WHEN ARE WE GOING TO TAKE THE LONG-TERM PRESERVATION OF OUR MEDIUM SERIOUSLY?
There’s got to be a better way beyond buying the same games over and over again
This December, Sony will throw its hat into the ring of retro, quarter-sized console reproductions with the PlayStation Classic. As excited as I am to get my similarly tiny mitts on it, I can’t help but look far beyond this Christmas and think about the long-term conservation of games.
By their experiential nature, and due to the onward march of tech, games are difficult to preserve, though that doesn’t stop not-for-profits such as The Video Game History Foundation attempting the task. Founder Frank Cifaldi cites the example of early film preservation (or rather lack thereof, as so much released before the 1950s is now lost) as the impetus behind the foundation’s mission statement. While much of this group’s current work covers earlier videogame history, more needs to be done by a number of parties in order to facilitate the preservation of titles released here and now.
It’s not a dystopian future for games: between remakes, remasters, PS2 classics on PS4 and also those available for download via PS Now there’s a number of ways to enjoy old favourites regardless of the tech you have to hand. Unfortunately, the current approach leaves massive blind spots in PlayStation’s library… and no, I’m not going to use this opportunity to bang on about my Shadow Hearts full remake pipe dream – that’s what the podcast is for.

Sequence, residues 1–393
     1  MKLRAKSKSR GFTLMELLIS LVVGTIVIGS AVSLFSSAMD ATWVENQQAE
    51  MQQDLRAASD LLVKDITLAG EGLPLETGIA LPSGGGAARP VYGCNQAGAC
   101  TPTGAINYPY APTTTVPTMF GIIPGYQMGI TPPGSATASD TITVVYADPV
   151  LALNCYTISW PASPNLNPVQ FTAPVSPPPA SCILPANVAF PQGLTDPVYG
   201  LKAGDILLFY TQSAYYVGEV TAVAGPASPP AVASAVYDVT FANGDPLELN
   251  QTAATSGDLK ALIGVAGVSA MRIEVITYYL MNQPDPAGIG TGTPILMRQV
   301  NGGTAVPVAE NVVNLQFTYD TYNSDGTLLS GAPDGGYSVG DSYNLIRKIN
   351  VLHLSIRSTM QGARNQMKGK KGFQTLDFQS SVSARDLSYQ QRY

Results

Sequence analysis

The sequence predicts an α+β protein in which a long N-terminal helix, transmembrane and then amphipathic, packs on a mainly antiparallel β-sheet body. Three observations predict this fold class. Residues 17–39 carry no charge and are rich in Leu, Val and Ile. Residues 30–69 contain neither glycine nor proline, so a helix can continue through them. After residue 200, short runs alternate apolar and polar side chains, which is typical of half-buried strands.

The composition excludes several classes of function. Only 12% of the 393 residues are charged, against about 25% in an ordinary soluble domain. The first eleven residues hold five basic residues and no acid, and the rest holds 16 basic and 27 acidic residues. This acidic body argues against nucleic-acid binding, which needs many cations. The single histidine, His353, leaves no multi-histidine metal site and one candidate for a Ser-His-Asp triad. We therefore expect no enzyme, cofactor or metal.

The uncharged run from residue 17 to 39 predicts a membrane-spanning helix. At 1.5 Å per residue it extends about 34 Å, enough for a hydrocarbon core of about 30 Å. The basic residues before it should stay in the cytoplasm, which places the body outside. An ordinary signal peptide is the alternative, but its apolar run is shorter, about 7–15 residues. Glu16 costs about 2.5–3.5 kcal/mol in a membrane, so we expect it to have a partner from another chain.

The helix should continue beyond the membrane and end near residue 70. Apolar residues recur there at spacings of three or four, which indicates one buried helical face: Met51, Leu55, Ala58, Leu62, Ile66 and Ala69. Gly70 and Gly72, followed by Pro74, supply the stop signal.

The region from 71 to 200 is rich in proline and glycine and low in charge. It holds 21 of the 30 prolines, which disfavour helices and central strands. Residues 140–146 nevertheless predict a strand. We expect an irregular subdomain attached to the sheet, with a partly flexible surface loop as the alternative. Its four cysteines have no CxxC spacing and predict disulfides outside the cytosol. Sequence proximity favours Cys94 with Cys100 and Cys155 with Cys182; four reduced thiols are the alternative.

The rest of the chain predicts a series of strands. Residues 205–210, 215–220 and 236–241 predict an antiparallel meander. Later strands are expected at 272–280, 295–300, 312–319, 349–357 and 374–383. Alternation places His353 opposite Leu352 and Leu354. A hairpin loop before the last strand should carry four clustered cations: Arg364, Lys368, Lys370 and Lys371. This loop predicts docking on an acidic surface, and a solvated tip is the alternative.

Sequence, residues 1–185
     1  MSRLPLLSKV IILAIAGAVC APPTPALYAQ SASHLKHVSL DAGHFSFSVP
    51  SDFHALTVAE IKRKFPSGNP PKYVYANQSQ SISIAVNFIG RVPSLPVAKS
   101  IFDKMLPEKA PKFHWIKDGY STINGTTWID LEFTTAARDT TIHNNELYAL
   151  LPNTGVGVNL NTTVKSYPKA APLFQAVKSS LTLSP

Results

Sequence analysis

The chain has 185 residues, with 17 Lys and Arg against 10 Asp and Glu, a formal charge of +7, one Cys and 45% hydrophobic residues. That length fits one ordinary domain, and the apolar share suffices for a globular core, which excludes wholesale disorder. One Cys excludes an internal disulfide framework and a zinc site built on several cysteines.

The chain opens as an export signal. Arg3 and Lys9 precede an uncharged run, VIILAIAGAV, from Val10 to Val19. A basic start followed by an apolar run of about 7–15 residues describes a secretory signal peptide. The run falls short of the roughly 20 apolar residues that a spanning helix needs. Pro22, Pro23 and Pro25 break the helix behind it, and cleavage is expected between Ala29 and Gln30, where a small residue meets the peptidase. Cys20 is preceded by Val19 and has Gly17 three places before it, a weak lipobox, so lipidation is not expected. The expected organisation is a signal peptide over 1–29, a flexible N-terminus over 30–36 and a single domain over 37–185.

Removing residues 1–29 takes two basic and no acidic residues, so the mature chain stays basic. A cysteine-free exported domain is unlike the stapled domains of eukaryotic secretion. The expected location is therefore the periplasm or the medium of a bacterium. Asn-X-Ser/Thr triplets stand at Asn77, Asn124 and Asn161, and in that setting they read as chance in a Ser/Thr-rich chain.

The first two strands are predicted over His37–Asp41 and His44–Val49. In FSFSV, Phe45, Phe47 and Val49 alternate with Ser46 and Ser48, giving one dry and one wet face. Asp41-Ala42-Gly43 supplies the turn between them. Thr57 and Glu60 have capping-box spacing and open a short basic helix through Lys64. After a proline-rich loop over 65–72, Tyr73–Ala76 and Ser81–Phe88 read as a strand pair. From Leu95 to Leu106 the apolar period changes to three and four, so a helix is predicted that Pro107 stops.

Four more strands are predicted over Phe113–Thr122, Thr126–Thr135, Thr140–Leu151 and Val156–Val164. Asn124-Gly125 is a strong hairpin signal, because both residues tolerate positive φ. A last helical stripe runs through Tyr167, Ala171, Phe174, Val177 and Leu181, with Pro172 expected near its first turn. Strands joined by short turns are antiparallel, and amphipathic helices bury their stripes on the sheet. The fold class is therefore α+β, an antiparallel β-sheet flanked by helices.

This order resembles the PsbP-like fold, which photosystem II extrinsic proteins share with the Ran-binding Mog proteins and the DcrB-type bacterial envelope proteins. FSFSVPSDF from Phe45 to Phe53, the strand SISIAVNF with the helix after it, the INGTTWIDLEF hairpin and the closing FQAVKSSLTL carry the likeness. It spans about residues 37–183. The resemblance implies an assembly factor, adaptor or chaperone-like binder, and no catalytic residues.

I’m not one to turn my nose up at any future consoles-ofgaming-past-reproductions, but it would be wrongheaded to leave the responsibility of preserving PlayStation media solely at Sony’s door. In the face of old tech’s fragility (and the pulling of repair support for elderly consoles), a reproduction model benefitting from today’s parts seems logical, but the lack of integration with modern conveniences such as PSN is a missed trick.
Much as I appreciate having the option to re-experience games, buying the same ones over and over makes me feel the human equivalent of a disc read error. The assertion that backwards compatibility isn’t wanted hits the ear as pleasantly as the dreaded grinding of hardware failure.